Holland devotes the next two chapters endeavoring to showcase his methodology, in which he takes conceptual approach. He examines not only at texts that include the word “justification” but also at texts that include related themes. Once again, one may agree with a great deal of the presentation, but, at the same time, there is hardly anything in it devastating to Wright.

The conclusion of the book returns to Wright’s methodology and, among other things, weighs the invective that Wright’s historical realism is nothing other than a rewritten history in which Jesus has been deeply influenced by the Maccabean exploits and claims, which, Holland maintains, is not critical realism but historical surrender. Moreover, Wright’s version of critical realism is only possible by closing one’s mind to the issues that have been raised in his book. Those who follow Wright’s methodology, without having his confessional underpinning, will be in danger of even more fanciful exegesis than that which he has followed, one which will lead them away from their intended theological home. In leveling these criticisms, Holland simply resorts to sniping from an entrenched position. The tone is aggressive and the comebacks to Wright stem from a set of presuppositions that, to some of us at least, are exegetically unfounded.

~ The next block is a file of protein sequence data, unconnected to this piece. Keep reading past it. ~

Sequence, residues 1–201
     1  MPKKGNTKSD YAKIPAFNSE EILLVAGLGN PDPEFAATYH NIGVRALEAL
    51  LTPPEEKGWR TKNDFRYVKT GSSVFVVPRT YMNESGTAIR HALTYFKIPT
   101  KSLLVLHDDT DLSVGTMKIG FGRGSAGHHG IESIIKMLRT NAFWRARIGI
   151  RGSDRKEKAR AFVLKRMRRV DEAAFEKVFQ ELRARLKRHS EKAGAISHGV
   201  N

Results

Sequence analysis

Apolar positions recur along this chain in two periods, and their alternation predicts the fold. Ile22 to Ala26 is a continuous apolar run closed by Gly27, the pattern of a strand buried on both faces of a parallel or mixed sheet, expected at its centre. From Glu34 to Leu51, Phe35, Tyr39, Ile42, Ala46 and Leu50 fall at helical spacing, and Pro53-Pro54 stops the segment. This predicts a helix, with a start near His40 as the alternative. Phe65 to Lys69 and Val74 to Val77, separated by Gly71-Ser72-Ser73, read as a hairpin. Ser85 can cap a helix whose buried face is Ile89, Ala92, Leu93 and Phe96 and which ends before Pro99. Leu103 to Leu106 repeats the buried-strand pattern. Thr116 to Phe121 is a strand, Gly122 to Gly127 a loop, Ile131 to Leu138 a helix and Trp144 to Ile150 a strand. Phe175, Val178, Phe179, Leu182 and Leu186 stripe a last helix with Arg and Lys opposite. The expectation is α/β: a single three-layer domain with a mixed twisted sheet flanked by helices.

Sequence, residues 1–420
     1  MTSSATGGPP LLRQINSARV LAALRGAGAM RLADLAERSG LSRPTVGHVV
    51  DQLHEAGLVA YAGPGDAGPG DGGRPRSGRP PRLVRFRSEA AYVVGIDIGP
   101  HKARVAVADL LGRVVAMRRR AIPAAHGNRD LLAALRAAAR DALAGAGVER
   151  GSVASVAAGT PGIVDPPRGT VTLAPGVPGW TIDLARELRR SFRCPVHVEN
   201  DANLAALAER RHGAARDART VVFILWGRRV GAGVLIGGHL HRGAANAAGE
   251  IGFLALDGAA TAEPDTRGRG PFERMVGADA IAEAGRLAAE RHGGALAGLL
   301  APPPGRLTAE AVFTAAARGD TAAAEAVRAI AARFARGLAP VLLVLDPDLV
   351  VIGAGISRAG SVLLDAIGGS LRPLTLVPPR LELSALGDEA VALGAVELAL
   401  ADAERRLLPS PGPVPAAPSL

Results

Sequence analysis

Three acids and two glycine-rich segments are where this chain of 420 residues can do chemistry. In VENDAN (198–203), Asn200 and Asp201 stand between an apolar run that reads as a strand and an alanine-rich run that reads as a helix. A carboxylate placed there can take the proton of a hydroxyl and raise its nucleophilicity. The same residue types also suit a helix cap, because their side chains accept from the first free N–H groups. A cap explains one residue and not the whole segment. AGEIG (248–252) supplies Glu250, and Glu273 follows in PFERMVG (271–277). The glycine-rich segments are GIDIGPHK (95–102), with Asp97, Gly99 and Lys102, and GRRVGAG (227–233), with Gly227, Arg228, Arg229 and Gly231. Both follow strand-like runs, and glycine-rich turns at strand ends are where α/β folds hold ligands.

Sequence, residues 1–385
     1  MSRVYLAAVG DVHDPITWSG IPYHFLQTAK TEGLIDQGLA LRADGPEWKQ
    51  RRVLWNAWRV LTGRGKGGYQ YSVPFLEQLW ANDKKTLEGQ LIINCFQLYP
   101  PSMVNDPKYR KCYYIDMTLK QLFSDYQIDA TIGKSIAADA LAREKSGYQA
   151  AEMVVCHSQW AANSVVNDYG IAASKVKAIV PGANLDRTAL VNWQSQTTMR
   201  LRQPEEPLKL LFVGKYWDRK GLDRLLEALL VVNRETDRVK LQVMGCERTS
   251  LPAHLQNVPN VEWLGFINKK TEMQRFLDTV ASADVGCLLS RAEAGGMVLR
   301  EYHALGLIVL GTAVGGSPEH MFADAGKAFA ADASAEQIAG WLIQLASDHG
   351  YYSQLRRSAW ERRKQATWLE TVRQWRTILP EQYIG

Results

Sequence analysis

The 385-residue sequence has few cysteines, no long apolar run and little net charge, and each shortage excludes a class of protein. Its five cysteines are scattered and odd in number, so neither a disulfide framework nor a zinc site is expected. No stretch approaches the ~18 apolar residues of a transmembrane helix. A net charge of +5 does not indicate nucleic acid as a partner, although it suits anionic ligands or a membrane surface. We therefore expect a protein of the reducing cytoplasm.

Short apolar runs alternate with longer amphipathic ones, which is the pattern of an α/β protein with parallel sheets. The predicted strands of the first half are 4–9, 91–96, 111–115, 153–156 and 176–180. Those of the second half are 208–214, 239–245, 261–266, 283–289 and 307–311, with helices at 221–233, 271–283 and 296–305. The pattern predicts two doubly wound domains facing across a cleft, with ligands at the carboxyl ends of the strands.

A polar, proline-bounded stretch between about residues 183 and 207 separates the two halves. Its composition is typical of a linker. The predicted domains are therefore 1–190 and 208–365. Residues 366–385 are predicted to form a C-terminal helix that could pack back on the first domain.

[i] A very similar volume appeared the same year as Holland’s: Robert J. Cara, Cracking the Foundation of The New Perspective on Paul: Covenantal Nomism Versus Reformed Theology (Reformed, Exegetical and Doctrinal Studies; London: Mentor [Christian Focus Publications], 2017. I have reviewed Cara at Many of the criticisms of Cara pertain to Holland as well.